08 October 2015

Spooks 4.1: The Special (Part One)

As I've noted before, Spooks becomes more and more interlinked as it goes on, and this episode marks the arrival of the next stage of that element's development: the two-parter. Towards the end of Spooks' run, entire series will be dedicated to one arc but this is the first time a single, self-contained story has run for more than one episode in such an explicit way.

I can see the thinking behind this. The episode opens with Danny's funeral, which is interrupted by a bomb going off nearby. It's supposed to start things off with a (literal) bang, throwing the audience immediately back into the action and show that things can (and often do) go wrong at exactly the wrong time. However, it smacks of being a bit of a cheap shock, occurring barely two minutes into the story. It would have been much better in my opinion to leave a little more time for grieving, with the bomb possibly detonating once he was buried.

The culprits turn out to be a group called Shining Dawn, not to be confused with the far right Greek political party Golden Dawn. Their leader has been detained for entering the UK under a false passport, but now they know who he is, he is being kept locked up for numerous crimes in America. The rest of Shining Dawn want him released. The group's ideology basically states that humans are ruining the planet and need to be culled, and so they have no qualms about detonating bombs in places designed to kill the most people every ten hours until the leader is released.

This is quite a high-stakes plot but you wouldn't really know it. Most of the episode is spent in offices or on the Grid, with a relatively sedate pace. There doesn't seem to be a great urgency to find where the next bomb is until with about half an hour to go, all the intel suddenly comes flooding in as if by magic. Zaf's stayed with the team and he's getting a bit big for his boots. His spiel about the car - and the car itself - are cringe-inducingly unnecessary. It did tickle me that as soon as he tells Adam he can handle himself he gets tied up and a gun in his face.

Ruth meanwhile is packed off to Oxford to stay with a known sympathiser, who seems to be a weak Richard Dawkins pastiche. As the pair try to mentally outfox one another while they make their way on foot to a London safehouse, I can't help thinking the plot has perhaps been stretched a bit too thin. Ruth would have been much more use on the Grid, seeking out the next spot, analysing to her heart's content. Instead, she's stuck with a crochety, patronising old man who she doesn't believe in defending.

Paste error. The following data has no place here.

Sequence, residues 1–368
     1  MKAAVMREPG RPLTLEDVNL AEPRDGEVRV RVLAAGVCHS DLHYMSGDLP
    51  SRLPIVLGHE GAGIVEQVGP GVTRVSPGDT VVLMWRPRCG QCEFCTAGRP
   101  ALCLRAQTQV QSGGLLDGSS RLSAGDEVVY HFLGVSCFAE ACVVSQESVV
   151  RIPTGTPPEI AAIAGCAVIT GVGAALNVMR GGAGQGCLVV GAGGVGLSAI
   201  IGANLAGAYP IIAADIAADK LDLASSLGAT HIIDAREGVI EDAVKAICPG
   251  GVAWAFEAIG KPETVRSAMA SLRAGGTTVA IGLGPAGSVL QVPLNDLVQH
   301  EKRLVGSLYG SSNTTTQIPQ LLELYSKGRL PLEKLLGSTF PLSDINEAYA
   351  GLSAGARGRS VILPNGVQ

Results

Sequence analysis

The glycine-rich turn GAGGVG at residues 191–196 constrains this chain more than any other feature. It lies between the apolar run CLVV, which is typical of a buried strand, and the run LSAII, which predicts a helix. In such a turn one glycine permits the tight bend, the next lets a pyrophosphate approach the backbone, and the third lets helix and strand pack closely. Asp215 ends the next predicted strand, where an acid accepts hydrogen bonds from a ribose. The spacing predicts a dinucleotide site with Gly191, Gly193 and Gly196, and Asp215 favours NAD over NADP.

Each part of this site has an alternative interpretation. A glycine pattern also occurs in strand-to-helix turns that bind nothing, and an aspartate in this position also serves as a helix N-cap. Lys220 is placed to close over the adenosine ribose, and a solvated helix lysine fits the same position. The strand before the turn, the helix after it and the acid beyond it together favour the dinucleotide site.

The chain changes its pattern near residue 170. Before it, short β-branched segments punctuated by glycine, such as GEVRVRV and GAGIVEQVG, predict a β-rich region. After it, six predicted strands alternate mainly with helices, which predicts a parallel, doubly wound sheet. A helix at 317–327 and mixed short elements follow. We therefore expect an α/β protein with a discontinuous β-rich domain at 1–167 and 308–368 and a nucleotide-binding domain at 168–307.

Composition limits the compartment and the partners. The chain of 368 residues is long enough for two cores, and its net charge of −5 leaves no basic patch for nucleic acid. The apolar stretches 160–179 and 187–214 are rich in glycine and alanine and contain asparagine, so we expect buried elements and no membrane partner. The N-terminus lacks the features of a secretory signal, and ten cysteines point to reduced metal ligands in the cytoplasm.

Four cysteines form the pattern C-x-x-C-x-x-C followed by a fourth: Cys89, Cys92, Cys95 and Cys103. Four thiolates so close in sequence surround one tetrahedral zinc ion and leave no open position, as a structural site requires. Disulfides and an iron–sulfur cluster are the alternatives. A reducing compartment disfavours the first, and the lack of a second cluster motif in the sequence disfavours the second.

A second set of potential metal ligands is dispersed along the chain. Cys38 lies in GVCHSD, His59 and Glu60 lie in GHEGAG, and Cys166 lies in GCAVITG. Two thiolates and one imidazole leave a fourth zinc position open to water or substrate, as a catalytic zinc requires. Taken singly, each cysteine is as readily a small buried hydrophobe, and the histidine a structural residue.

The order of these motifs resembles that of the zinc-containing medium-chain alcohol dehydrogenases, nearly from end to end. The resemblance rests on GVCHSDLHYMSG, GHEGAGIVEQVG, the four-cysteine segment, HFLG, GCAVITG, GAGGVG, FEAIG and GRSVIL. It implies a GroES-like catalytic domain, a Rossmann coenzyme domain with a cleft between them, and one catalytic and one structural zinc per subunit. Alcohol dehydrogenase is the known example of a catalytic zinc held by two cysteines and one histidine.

This episode then is a little soulless. Adam's paired off with a half-arsed cipher of a working class girl who's only likeable thanks to Martine McCutcheon's superb performance. Harry's busy holding the Amercians (who, incidentally, do nothing at all here), the Home Secretary and an old flame named Juliet Shaw at arm's length. There's a little intrigue into who a potential mole could be, but as is often the case it currently seems to be a mystery with one suspect. And if you hadn't already guessed, the first scene on the 'Next Time' trailer spoils it for you anyway. Misdirection or not? At the moment it's hard to tell.

With all due respect, Antonia Bird's direction is nothing especially remarkable, and - probably due to how it was edited more than anything else - often comes off really oddly. When Adam and Zaf are discussing the car, for example, it isn't shown once despite the fact they're stood right next to it. We only see it, in fact, when Adam drives off a good few minutes later. It's just boggling and the whole thing lacks the energy necessary to make it really work. So far I can't see why this warranted a second episode, but ho hum. Let's hope things pick up next time, eh?

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